The view you get of the river is beautiful, and if your timing is right you might even get to see some whitewater rafters travel by. We were lucky enough to arrive at the water just as a group of hikers guided by Square Eddy's guide services were meeting up with their fellow rafters. With the opening of this new trail, there is now the opportunity for a great surf & turf guided combo. First they hike into the falls, then on to the river - where their raft meets them and they get to raft the rest of the way down the Hudson River.
On our way back from the river we followed the trail Allison had marked earlier this spring. As we walked she trimmed some of the debris that was in the way, and explained that SCA group would be doing "10 day hitch" here soon and they would help build out this new trail. I was curious about what she meant by a SCA 10-day hitch so again I inquired. "The DEC contracts with the Student Conservation Association (SCA) to get a variety of things done. For example, crews of 6-7 members brush out trails, help fix fire towers, pull invasive species, build trails and bridges and canoe access sites. Crews go out to the site for either 5 or 10 day "hitches" or shifts, camping the whole time. Members of SCA are 21-24 years old and work from June to mid-October."
When we connected back to the original trail, we all agreed that the new trail definitely is a much more gradual climb back up. It will be a nice optional hike for those, like us, who want to continue on past OK Slip Falls to the River.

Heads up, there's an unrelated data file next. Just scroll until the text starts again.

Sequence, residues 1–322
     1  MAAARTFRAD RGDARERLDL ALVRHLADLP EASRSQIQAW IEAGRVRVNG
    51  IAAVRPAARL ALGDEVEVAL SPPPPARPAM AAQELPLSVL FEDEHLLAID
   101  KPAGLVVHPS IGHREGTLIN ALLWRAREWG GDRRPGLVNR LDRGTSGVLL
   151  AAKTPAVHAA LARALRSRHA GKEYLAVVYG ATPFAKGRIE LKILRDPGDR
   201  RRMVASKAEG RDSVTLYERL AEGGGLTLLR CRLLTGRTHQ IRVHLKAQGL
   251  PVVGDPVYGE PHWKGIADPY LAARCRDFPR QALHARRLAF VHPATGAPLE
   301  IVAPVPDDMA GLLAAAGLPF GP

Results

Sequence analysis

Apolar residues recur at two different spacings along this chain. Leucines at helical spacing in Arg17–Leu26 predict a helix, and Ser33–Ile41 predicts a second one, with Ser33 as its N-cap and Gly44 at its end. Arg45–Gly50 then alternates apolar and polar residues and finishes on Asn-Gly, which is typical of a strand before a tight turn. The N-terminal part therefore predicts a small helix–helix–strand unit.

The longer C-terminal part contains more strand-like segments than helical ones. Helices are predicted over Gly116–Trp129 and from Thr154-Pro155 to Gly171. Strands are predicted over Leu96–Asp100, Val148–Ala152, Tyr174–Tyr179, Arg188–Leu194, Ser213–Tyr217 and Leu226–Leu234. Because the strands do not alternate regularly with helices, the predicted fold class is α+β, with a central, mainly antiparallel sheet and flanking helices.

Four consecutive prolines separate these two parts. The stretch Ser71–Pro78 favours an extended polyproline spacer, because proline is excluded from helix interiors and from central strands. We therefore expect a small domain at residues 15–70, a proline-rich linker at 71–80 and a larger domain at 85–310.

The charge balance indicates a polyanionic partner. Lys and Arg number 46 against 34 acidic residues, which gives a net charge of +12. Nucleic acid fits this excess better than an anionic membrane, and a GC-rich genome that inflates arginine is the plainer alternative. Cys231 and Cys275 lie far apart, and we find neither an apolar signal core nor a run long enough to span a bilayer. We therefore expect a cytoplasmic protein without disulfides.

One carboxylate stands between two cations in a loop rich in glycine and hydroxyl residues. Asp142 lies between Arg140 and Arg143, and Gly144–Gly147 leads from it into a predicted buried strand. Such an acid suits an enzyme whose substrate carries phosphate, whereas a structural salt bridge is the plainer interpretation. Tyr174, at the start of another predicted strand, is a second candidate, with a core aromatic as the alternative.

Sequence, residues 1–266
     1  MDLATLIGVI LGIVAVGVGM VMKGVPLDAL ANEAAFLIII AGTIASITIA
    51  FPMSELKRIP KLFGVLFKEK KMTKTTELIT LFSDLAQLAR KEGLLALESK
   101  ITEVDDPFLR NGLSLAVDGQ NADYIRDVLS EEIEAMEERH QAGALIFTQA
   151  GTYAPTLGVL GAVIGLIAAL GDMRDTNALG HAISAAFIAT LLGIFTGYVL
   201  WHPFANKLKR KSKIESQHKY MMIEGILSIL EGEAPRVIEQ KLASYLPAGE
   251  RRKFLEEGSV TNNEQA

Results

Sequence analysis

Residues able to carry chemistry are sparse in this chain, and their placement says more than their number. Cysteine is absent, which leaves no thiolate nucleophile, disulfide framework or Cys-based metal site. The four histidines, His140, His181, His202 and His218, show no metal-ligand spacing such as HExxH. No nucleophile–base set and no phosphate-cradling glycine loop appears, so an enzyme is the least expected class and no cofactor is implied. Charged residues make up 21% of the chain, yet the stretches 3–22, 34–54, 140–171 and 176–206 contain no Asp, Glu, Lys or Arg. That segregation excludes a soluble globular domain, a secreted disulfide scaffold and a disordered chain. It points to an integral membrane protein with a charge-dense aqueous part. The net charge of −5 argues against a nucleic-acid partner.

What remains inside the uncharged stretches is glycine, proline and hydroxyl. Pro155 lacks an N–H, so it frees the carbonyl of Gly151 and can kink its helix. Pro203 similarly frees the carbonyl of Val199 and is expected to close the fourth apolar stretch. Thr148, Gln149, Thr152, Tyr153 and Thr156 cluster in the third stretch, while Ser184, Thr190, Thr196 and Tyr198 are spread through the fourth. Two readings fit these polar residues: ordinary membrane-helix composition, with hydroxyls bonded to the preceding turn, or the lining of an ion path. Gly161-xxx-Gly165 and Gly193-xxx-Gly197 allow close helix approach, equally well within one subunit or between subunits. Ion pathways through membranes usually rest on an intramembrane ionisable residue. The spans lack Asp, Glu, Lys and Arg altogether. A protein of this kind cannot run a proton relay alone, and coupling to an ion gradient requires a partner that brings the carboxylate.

What A Great Day...
My day hiking with Allison was fantastic. The weather was beautiful, the sights were spectacular, and I learned a lot about a topic I've often taken for granted... but most of all it was simply awesome to have the opportunity to hike with an old friend. I know some will say that they stay in touch with friends from their past because they follow one another on social media. But to me, there really could not have been a better way to catch up with an old friend than to step away from the craziness of everyday life, to put down the cell phones and leave the unanswered e-mails behind us, and do something together that we have both loved to do since childhood: hike and (as our parents would probably all still agree) talk.
Plan a Girls Weekend (or) Bonding Trip with the Boys!
Have you lost touch with your high school or college friends? Consider planning an awesome weekend reconnecting in the Adirondacks. From whitewater rafting and boating to camping, paddling, and hiking, there are endless opportunities for you and your friends to have a blast as you recount old memories and create new ones. Give them a shout, pick a long weekend and start planning... trust me, you will be glad you did!